Also, very good quote, Coward Who Replied To My First Post. Very poetic. I thought of it first, though...

Re:Good Books In Everyone... (1)

VAXcat (674775) | more than 9 years ago | (#10344483)

Heck, go ahead and write your book - the theme of lost star empires and echoes of former glory, brought to life by a remnant of the past hardly originated with Roddenberry and Andromeda...Keith Laumer wrote several stories and novels based on such an idea, in the '60s and '70s, and they were far better than Andromeda - for example, "Earthblood" (what I'd give to see it made into a series or movie).

Re:Good Books In Everyone... (1)

fdiskne1 (219834) | more than 9 years ago | (#10344473)

...Anyone else ever have that problem? An idea you thought was yours, and a year later it ends up on the screen?

It happened to me all the time. I wrote a story similar to "The Crow" way before the movie came out. I've written scenes where I could visualize it in my head how it would look on the screen and years later saw a movie that had it down exactly as I saw it. I've read books and knew how they'd end because I had similar stories I never got around to writing that went the same way.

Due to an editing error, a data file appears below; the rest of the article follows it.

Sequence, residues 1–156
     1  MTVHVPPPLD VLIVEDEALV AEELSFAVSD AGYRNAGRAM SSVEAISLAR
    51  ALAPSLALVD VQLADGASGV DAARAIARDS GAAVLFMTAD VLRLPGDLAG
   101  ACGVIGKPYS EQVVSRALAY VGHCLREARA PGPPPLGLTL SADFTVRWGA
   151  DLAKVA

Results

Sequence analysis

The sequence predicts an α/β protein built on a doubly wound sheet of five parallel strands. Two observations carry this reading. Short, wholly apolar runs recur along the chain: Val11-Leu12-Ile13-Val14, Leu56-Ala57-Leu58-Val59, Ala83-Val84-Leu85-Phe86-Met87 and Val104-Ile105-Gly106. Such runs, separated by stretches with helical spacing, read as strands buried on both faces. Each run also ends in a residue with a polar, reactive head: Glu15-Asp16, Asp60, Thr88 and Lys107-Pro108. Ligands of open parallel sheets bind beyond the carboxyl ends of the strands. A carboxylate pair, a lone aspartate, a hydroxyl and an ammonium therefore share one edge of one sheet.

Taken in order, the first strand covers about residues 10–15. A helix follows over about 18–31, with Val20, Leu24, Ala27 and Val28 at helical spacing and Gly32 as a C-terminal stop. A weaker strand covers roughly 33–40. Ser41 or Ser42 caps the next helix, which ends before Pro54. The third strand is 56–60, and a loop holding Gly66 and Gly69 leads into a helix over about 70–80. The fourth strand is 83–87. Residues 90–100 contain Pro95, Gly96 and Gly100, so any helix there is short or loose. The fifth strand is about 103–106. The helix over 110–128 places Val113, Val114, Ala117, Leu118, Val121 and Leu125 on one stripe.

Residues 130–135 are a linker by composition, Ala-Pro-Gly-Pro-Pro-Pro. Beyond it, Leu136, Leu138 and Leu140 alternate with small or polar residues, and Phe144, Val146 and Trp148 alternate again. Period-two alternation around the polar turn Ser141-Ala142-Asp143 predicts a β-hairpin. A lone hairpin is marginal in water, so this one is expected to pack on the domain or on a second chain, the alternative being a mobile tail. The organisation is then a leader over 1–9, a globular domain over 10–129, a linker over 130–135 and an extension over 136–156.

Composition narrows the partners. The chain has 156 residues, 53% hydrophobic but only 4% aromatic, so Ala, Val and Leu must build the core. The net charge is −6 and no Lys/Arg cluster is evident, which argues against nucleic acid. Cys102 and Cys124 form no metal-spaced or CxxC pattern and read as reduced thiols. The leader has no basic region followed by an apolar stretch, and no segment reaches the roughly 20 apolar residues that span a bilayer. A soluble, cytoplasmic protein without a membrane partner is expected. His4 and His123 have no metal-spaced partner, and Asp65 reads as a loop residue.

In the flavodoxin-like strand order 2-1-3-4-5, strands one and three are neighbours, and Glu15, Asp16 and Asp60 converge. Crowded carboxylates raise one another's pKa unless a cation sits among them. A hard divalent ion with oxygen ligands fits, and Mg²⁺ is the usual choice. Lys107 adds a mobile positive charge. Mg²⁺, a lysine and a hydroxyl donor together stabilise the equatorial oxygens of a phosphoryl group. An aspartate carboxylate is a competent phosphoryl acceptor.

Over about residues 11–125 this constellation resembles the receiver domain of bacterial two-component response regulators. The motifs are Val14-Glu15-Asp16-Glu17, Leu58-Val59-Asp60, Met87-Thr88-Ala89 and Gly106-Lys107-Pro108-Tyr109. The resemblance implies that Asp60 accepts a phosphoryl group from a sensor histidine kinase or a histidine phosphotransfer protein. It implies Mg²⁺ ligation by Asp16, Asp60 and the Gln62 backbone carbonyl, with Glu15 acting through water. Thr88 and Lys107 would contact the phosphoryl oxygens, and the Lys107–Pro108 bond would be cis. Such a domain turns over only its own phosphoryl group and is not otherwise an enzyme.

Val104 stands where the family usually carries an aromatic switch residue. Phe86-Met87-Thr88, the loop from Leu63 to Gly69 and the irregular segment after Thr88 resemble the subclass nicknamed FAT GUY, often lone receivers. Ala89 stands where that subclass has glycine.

If I didn't know better (or do I?) I'd say there's a public sub-conciousness out there that we all tap into to come up with new ideas.

Re:Good Books In Everyone... (0)

Anonymous Coward | more than 9 years ago | (#10345053)

If I didn't know better (or do I?) I'd say there's a public sub-conciousness out there that we all tap into to come up with new ideas

Sure there is, it's called culture. There are a whole lot of people who have read almost exactly the same things you have, watched the same things you have, and experienced things pretty close to what you have, even at approximately the same time in their lives/developmental stages. People really aren't all that unique when you get down to knowledge and personality, most people fit into some category. It's not surprising that we share a lot of the same ideas, imagery, etc. It's what allows us to communicate meaningfully with each other.

Re:Good Books In Everyone... (1)

DrVomact (726065) | more than 9 years ago | (#10344495)

Well, "story ideas" are trivial. The hard part is turning the idea into an actual story...better yet, an actually interesting story. That is what writing is about: taking an idea and turning it around, twisting it a bit, so as to get a completely new perspective on it, so that the story sounds fresh and original. That's why you can't copyright ideas, only words. Originality doesn't consist of presenting ideas no one has ever heard of, it consists of envisioning familiar ideas in a new way.